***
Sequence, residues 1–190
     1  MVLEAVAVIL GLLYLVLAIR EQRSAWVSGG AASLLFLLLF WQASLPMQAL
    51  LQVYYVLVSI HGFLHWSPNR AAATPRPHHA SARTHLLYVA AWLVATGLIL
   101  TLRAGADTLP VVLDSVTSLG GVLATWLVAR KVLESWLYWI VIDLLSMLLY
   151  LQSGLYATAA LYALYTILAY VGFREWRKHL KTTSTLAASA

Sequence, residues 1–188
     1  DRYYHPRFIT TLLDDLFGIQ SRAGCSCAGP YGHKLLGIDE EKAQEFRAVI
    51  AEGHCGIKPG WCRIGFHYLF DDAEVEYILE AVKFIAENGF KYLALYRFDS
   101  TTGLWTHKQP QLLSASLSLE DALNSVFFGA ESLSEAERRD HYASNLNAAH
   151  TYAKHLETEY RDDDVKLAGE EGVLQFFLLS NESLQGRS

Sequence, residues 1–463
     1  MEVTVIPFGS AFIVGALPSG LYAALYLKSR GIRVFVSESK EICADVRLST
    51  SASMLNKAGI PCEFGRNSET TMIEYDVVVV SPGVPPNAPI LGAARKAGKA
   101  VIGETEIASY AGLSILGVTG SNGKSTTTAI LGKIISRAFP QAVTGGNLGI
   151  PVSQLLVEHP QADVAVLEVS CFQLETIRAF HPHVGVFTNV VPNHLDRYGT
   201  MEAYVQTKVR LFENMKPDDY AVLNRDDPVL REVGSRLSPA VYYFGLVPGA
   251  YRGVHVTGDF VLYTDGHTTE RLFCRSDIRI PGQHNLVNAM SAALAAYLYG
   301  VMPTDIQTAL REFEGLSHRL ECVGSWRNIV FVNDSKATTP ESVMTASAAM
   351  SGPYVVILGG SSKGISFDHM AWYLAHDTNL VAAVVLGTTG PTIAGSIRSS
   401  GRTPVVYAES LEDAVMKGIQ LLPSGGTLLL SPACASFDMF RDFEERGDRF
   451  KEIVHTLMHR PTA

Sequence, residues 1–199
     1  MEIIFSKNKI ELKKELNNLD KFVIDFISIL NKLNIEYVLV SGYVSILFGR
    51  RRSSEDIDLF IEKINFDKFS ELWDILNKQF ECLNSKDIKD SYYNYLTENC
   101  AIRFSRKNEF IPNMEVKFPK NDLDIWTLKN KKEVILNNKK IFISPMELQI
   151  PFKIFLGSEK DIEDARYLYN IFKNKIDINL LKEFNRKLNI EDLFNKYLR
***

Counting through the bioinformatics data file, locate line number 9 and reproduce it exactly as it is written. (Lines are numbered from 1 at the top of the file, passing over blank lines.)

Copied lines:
   101  TTGLWTHKQP QLLSASLSLE DALNSVFFGA ESLSEAERRD HYASNLNAAH